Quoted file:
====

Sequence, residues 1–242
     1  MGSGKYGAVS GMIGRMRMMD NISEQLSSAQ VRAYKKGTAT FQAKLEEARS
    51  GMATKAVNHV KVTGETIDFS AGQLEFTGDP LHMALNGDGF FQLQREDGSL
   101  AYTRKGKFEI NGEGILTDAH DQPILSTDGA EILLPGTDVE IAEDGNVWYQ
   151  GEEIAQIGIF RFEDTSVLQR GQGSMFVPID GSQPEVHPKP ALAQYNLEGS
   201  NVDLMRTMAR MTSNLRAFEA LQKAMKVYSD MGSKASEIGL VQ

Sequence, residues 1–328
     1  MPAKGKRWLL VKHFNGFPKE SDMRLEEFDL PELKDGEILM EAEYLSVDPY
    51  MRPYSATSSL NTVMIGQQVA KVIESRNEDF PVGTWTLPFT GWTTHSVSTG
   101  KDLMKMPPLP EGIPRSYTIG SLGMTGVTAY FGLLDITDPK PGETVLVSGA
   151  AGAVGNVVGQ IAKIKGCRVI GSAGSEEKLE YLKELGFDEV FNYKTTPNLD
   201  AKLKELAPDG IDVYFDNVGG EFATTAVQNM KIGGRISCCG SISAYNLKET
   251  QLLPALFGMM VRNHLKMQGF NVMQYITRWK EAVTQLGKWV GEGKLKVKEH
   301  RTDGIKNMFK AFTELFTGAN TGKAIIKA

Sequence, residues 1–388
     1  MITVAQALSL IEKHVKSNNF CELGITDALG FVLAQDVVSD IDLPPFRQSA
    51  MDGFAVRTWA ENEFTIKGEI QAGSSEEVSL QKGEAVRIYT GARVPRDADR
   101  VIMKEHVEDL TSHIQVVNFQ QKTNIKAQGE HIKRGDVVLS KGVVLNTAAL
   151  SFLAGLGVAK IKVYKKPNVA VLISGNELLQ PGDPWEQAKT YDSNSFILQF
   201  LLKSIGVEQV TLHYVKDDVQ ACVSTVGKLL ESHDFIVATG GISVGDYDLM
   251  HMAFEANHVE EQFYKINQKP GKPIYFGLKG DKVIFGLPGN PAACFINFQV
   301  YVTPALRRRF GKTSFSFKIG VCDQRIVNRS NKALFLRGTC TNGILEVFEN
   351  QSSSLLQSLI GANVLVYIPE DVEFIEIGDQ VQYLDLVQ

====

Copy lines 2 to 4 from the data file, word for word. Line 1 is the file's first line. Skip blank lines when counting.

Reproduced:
     1  MGSGKYGAVS GMIGRMRMMD NISEQLSSAQ VRAYKKGTAT FQAKLEEARS
    51  GMATKAVNHV KVTGETIDFS AGQLEFTGDP LHMALNGDGF FQLQREDGSL
   101  AYTRKGKFEI NGEGILTDAH DQPILSTDGA EILLPGTDVE IAEDGNVWYQ